Nixon: Session crucial to provide 'the tools' needed to save auto jobs
This article first appeared in the St. Louis Beacon, June 24, 2010 - Missouri Gov. Jay Nixon literally sped out of a downtown news conference today to rush back to Jefferson City to meet with legislative leaders on the opening day of the special session.
Nixon quipped that since he called the special session, "I need to be there."
The governor has asked the Legislature to reconsider two proposals that died during the closing hours of the regular session that ended May 14.
The key measure would authorize up to $15 million a year in state tax breaks to encourage Ford Motor Co. to maintain and expand its auto-making plant near Kansas City.
"We want to build the vehicles of the future in the state of Missouri,'' said Nixon today, noting the thousands of auto-making jobs at stake and the efforts of other states to persuade Ford to move.
But the fate of that bill apparently rests on another measure, also specified for the special session, that would revamp pensions for new state employees. Among other things, they would have to contribute a portion of their pay into the program -- state workers now make no contribution -- and they would have to work longer to get benefits.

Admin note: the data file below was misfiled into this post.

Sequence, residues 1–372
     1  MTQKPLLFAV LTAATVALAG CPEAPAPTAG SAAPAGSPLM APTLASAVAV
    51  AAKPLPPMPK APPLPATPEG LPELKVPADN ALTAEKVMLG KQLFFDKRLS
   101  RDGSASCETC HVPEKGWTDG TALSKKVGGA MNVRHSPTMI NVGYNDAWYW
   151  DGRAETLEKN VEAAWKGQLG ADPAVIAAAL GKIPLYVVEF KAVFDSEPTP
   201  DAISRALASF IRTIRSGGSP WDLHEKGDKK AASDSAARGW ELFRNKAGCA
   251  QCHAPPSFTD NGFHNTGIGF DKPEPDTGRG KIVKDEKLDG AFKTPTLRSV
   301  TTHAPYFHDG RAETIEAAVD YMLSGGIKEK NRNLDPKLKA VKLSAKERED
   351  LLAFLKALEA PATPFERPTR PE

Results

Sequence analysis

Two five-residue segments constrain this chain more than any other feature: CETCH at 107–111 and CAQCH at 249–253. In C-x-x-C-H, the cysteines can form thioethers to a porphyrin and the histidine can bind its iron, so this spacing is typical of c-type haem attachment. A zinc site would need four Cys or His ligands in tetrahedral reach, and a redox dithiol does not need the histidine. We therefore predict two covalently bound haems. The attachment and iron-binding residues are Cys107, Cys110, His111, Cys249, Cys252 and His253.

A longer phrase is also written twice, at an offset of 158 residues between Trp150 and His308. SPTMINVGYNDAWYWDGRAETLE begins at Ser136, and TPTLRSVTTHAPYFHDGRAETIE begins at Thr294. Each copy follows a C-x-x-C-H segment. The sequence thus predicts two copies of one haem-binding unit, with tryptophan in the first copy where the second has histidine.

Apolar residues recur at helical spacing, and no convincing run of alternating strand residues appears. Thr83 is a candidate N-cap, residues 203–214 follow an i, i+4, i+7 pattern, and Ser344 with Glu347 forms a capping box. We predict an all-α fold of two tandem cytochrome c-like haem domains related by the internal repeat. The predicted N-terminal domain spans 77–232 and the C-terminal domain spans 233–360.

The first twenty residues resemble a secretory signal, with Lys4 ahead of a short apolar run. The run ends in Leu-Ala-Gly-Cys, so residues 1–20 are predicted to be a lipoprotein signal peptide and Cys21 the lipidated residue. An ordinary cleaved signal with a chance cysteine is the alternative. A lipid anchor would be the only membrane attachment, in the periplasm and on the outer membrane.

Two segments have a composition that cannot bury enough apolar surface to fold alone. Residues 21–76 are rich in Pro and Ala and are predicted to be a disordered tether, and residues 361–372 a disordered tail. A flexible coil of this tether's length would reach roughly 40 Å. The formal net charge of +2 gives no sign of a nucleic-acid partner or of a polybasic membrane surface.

Nixon didn't mention the pension bill during his brief remarks to reporters today in St. Louis, but some of the more controversial portions of the pension bill are believed to be why the governor felt that it was important for him to meet personally with legislators this afternoon.
"I need to have the tools that the Legislature can provide," the governor said.
Nixon was in St. Louis for a joint news conference downtown, with St. Louis Mayor Francis Slay and business leaders, to announce that Unisys, an information technology firm, is locating a new application-modernization center in St. Louis. Business officials said the center will primarily deal with federal clients, such as the U.S. Department of Agriculture, and will create up to 300 new jobs.
Unisys was attracted to St. Louis, in part, by $4.5 million in state tax credits under its Missouri Quality Jobs program. Nixon said the new jobs, and payroll taxes, generated by Unisys' new center will more than pay for the tax breaks.